Cursed Demon: Urban Fantasy Shifter Stand-Alone
She enjoyed life as a demon’s pet. Until the cries of an innocent tore her world asunder…
Emma Case is freaking out. Being surrounded by monsters is risky enough without breaking the rules, but when the soft-hearted girl hears a pup in distress, she can’t resist trespassing on forbidden ground. And after discovering the unfortunate creature is a wolf-shifter, she’s stunned when the child’s pack accuses her of the crime and abducts her for interrogation.
Tortured for information she doesn’t have, Emma pleads desperately for her handsome tormenter to believe her. Yet as the naïve young woman tumbles deeper into the realm of supernatural intrigue, she unexpectedly manifests frightening powers she has no idea how to control.
Will Emma’s hidden heritage prove a blessing or a bane?
Cursed Demon is the second standalone book in the character-driven Creatures of the Otherworld urban fantasy series. If you like sassy heroines, laugh-out-loud humour, and white-knuckle thrills, then you’ll love Brogan Thomas’s action-packed tale.
Buy Cursed Demon to fight fire with brimstone today!
Written in British English
Release date: April 1, 2021
Publisher: Brogan Thomas Books
Print pages: 410
Content advisory: Bad language
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Listen to a sample
Cursed Demon: Urban Fantasy Shifter Stand-Alone
A leaf flutters down and he dramatically jumps to the side, his hooves scrabbling for purchase on the stone track. My heart misses a beat and for a fraction of a second my body tenses. Keep him straight, keep him forward, chin high, breathe. Relax. I repeat the mantra in my head over and over.
It’s not helping.
Only one of us can freak out at a time, and it’s never my bloody turn.
My vampire dressage trainer, Nuno, has sent us to ride around the estate to cool off after this morning’s lesson. Nuno wants us to bond. Bond, ha, tell that to the snorting beast I am sitting on. Every little thing he can find is a grand excuse to spook. I’m trying my best to keep my posture elegant, pliable, to move with him and not to tense up, but I can already feel my shoulders creeping towards my ears. I let out a shaky breath and again force myself to relax.
The name on his paperwork is so fancy, it amuses me that he has the unfortunate stable name of Pudding. “Pudding,” what a laugh. If you combined the energy of a fancy sports car with a hair-trigger bomb, you still wouldn’t get the scary power of this horse. He feels like he is going to explode.
All. The. Time.
I love riding. But Pudding, my new gelding, is…urm…a challenge. We aren’t clicking the way I thought we would. I know it’s my fault as I want to ride Bob, my hairy Irish cob. I trust him and he trusts me, and we perform dressage like we are doing magic together. But I’ve been firmly encouraged to ride a ‘proper’ dressage horse, and both sides of Pudding’s breeding are impeccable. He is made for dressage. I guess he just isn’t made for me.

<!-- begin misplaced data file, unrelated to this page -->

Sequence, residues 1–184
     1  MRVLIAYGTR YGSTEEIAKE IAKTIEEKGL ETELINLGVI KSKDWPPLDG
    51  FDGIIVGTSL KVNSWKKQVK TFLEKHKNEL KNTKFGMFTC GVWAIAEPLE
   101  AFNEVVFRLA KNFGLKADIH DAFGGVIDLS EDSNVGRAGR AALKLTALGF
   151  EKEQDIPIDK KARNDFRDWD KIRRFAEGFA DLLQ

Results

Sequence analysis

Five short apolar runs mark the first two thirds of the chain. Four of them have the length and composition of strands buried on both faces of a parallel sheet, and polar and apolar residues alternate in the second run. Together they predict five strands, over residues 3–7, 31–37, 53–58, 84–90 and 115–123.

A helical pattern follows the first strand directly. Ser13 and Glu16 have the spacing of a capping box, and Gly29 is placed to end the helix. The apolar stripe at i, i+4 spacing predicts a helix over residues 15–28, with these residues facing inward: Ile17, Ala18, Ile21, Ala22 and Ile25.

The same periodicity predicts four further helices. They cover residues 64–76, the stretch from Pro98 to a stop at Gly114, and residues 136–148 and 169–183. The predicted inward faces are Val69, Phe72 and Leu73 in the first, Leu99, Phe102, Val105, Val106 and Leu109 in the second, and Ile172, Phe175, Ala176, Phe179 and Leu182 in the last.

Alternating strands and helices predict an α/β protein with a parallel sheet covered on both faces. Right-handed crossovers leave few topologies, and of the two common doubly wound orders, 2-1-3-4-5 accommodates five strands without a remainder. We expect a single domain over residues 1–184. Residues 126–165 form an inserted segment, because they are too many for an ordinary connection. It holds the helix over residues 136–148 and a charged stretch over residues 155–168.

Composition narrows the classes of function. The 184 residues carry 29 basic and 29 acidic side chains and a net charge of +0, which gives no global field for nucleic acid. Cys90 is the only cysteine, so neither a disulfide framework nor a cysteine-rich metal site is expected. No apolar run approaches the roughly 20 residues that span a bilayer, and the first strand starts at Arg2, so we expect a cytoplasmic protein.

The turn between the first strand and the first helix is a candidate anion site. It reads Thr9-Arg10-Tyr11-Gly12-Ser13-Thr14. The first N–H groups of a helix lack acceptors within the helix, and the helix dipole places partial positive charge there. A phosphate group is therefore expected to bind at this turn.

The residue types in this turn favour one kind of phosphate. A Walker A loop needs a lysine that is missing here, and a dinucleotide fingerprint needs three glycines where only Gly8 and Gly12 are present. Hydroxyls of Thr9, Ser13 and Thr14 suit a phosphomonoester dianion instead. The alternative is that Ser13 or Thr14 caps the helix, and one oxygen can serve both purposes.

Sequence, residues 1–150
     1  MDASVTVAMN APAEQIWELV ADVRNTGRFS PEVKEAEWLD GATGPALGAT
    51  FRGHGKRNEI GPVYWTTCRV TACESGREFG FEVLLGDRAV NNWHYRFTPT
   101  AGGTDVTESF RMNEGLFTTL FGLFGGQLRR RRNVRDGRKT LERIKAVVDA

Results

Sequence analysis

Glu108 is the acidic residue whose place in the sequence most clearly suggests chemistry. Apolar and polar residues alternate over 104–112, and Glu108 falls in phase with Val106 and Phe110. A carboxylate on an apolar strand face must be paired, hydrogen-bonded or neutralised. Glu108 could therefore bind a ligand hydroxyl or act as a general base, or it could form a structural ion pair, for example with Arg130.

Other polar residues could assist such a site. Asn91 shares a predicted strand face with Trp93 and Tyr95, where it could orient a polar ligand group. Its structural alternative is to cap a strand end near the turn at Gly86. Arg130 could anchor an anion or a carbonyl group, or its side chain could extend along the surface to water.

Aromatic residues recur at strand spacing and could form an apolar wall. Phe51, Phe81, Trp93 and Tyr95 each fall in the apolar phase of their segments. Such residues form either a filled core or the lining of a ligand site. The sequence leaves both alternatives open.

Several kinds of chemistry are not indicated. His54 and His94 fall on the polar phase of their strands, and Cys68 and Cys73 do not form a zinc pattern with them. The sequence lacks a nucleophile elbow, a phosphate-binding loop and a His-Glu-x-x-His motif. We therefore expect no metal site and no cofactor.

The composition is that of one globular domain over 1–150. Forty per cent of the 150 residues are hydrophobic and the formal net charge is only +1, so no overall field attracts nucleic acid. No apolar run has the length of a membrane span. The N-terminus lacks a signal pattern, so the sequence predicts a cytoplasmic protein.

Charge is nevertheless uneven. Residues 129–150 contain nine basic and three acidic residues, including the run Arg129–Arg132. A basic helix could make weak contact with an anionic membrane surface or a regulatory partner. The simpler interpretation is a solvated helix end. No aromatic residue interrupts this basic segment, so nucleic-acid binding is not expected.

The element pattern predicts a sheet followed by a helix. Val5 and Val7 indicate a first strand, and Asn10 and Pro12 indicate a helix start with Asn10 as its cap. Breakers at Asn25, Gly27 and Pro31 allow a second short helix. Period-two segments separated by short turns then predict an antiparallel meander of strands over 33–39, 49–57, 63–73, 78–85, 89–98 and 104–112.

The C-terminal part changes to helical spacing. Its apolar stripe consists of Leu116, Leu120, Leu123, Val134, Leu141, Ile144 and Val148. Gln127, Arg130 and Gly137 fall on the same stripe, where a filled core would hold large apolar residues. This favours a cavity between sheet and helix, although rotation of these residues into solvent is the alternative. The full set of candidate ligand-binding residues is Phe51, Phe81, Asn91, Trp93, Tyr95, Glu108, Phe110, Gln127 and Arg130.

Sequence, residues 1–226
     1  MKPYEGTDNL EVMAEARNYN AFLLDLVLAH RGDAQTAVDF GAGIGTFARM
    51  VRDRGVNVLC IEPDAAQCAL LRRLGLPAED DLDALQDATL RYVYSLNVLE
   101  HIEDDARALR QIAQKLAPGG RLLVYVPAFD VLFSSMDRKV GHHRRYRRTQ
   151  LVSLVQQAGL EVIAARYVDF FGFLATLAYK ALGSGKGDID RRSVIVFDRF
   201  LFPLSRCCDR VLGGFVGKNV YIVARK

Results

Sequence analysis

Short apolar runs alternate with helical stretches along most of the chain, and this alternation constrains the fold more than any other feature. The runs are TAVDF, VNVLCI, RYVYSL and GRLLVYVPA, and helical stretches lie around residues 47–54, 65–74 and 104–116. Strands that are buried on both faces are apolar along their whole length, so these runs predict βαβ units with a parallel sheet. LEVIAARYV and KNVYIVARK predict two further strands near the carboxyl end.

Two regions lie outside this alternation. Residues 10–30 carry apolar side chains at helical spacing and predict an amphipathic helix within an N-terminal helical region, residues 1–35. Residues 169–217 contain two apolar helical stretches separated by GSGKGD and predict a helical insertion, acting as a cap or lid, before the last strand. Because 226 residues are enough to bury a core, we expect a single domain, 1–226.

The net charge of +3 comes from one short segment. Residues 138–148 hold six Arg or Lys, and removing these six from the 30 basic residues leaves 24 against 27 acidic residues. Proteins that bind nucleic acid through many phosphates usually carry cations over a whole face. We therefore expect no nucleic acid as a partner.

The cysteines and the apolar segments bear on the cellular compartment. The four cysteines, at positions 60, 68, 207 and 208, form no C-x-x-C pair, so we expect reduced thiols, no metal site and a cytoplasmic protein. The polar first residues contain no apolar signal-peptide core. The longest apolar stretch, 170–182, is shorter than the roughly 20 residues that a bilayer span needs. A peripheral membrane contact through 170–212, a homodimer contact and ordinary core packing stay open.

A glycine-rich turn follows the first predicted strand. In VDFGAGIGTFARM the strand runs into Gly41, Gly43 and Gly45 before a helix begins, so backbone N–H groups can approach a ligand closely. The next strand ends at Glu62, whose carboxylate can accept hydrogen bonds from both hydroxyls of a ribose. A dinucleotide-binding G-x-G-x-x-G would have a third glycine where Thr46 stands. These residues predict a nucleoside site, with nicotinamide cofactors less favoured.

The beast underneath me shakes his head—my urge to get off is enormous. But then, Pudding would be worse with me on the ground—undoubtedly he’d stomp all over me. It doesn’t feel it at the moment, but from experience, I know I’m still safer to be riding him. I roll my eyes. Bloody horse.
The day is beautiful. Morning sunlight filters through the trees above us, painting glowing stripes on the track—golden lines that Pudding keeps attempting to leap over. Yay, I’m having such a good time. Not.
Keep him straight, keep him forward, chin high, breathe. Relax.
The birds sing, and his hooves crunch rhythmically. I gently stroke his mahogany neck with my left hand, and he snorts out a breath.
For the first time, his head and neck start to relax. We both begin to relax. I puff out a sigh, and just as a smile touches my lips, a duck hidden behind the hedge to our left takes flight with a dramatic snap of wings and an echoing quack.
The whole hedge wobbles.
My eyes widen in horror and before the quack has even dissipated, Pudding springs into action, and we go from what feels like 0–60 miles per hour in a split second.
No amount of pulling on the reins is going to stop Pudding’s panicked flight. Instead, I bridge the reins in my hands so they don’t get yanked from my grip, and I grab a handful of mane for good measure.
Oh bloody hell.
“Ooh, ooh, steady, steady,” I say in a soft, lilting tone.
His hooves thunder beneath us, and the world is a blur of colours as it flies past at a breathtaking rate. My eyes water as the once-gentle wind batters my face. “It was a duck, silly boy, it’s okay, it’s okay. Steady boy, steeeaaadddy. I would never let anything hurt you, steady.” Years of practice keeps the fear out of my voice.
It doesn’t stop me from internally shrieking, I’m going to die, but Pudding doesn’t have to know that.
Pudding’s left ear flicks back, and his strides slow.
Oh thank God.
“Good boy, steady now, walk, whoa.” His mad dash slows to a canter, a trot, then finally a bouncy walk. The energetic movement makes my boobs bounce, and my chest aches. Ow.